Rehoboth's 2022 Memorial Day Parade & the true meaning of a Riderless Horse
During this past Memorial Day Parade, many people along the parade route didn’t understand the meaning of or understanding why Wendy Wolf Cardarelli was walking by the side of “A Riderless Horse” with empty boots facing backwards. So as the Director of Veteran Services of Rehoboth, I would like to your readers to know that.
A riderless horse is a single horse, without a rider, and with boots reversed in the stirrups, which sometimes accompanies a funeral procession. The horse that may follow a caisson carrying the casket. A riderless horse can also be featured in military parades to mobilize either fallen soldiers.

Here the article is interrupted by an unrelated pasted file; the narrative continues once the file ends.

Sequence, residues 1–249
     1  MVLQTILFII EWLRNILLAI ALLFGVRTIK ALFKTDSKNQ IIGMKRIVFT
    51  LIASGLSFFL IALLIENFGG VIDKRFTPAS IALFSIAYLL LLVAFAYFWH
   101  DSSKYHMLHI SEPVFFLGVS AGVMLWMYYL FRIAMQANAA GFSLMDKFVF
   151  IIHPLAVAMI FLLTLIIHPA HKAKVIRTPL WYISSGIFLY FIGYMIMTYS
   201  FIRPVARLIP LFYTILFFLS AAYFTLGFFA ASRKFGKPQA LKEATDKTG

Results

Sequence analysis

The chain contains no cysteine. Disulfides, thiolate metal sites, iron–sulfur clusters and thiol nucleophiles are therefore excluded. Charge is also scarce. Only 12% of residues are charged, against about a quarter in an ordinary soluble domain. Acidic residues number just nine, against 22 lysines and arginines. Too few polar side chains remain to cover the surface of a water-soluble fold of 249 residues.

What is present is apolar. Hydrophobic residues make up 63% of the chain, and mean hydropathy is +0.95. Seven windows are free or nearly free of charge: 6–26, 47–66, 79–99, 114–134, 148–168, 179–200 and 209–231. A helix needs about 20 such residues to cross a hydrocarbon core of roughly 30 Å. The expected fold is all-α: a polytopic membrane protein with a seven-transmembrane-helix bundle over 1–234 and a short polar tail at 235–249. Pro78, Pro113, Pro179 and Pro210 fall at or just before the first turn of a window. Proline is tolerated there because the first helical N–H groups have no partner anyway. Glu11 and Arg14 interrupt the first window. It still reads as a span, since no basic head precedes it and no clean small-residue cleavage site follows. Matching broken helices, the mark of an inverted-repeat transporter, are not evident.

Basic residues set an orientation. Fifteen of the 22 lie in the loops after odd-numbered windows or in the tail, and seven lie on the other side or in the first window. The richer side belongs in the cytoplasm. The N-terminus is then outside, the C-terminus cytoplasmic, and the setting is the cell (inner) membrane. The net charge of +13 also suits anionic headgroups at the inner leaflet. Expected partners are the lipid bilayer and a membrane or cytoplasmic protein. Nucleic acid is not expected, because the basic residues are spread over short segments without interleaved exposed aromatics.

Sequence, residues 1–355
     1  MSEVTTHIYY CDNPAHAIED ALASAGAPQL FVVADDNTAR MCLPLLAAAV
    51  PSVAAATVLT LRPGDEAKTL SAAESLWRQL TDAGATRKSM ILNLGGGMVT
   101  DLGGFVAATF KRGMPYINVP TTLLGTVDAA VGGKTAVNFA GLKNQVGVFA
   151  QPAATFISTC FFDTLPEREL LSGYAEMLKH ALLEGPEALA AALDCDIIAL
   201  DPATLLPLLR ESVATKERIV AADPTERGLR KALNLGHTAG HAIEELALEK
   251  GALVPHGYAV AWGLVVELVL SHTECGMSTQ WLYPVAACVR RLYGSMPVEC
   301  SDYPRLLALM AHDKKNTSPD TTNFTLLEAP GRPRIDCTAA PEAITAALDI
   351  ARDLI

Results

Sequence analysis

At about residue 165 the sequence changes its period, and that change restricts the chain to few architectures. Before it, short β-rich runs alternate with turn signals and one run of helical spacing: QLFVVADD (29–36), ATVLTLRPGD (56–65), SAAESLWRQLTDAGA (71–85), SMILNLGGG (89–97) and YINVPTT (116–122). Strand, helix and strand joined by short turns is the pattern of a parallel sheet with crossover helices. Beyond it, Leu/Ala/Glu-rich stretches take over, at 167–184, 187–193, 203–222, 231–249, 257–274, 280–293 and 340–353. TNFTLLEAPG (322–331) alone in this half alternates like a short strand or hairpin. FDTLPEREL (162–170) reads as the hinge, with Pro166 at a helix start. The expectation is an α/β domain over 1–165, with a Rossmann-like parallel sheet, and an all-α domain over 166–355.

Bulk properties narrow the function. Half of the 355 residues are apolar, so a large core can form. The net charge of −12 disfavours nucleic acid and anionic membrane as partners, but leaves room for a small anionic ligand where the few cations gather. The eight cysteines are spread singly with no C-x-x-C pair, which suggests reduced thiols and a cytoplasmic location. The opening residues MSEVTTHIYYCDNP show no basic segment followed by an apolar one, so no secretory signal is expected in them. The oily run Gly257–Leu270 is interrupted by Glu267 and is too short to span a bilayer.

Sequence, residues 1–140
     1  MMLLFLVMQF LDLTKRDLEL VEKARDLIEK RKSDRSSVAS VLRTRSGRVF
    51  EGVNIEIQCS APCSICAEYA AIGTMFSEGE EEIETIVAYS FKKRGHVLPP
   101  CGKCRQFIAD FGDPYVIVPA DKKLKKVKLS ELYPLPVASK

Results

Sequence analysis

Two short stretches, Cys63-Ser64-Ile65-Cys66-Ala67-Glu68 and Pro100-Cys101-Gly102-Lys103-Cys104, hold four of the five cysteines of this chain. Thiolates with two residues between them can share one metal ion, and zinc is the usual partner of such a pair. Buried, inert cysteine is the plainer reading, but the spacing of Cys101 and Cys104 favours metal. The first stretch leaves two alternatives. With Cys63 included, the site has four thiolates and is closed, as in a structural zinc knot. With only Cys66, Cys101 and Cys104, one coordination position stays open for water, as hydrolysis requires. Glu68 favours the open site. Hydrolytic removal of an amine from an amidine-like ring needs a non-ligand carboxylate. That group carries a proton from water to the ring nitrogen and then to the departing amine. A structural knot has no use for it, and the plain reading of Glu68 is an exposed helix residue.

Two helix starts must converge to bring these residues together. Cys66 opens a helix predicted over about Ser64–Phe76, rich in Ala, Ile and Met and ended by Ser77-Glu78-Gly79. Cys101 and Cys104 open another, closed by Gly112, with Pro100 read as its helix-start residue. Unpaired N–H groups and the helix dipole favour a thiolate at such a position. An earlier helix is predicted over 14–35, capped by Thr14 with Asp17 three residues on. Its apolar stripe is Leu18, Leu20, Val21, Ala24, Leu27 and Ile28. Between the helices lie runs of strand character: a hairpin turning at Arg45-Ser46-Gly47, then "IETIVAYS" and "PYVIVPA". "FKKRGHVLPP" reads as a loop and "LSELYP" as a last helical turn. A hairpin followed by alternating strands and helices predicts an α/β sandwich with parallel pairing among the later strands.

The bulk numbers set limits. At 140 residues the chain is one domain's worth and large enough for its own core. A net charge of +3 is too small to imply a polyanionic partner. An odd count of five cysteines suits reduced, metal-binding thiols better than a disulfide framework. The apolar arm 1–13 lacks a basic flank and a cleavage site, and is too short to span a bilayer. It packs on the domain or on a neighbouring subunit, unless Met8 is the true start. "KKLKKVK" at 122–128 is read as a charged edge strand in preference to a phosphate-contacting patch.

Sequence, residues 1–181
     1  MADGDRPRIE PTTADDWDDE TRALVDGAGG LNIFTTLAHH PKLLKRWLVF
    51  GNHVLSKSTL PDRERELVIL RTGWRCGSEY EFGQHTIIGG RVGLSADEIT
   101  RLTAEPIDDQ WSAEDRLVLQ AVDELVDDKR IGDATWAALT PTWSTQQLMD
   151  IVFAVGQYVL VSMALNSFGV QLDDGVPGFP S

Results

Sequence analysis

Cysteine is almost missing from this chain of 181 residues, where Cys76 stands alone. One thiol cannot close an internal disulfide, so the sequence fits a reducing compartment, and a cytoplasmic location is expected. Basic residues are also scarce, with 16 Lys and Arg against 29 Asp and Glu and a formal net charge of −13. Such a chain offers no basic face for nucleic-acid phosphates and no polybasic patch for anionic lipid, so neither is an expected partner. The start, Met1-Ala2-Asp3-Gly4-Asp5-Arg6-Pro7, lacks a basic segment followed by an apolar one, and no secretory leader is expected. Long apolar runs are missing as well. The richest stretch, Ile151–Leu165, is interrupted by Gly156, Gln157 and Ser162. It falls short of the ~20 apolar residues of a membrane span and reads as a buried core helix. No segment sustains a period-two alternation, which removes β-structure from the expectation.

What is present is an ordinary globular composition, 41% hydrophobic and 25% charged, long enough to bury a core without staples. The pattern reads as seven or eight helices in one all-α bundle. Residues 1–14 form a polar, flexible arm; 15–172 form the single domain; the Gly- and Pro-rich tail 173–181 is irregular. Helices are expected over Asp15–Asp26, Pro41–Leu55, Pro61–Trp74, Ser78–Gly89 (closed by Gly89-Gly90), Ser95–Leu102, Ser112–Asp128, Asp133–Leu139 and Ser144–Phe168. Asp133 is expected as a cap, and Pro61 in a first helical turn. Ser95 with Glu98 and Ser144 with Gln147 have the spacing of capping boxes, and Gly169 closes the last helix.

In the United States, the riderless horse is part of the military honors given to an Army or Marine Corps officer who was a colonel or above; this includes the President, by virtue of having been the country's commander in chief and the Secretary of Defense, having overseen the armed forces. Alexander Hamilton, former Secretary of the Treasury (1789–1795) was the first American to be given the honor. Historian Ron Chernow noted that Hamilton's gray horse followed the casket "with the boots and spurs of its former rider reversed in the stirrups. Abraham Lincoln was the first president of the United States to be officially honored by the inclusion of the riderless horse in his funeral cortege, although a letter from George Washington's personal secretary recorded the president's horse was part of the president's funeral, carrying his saddle, pistols, and holsters. Traditionally, simple black riding boots are reversed in the stirrups to represent a fallen commander looking back on his troops for the last time.
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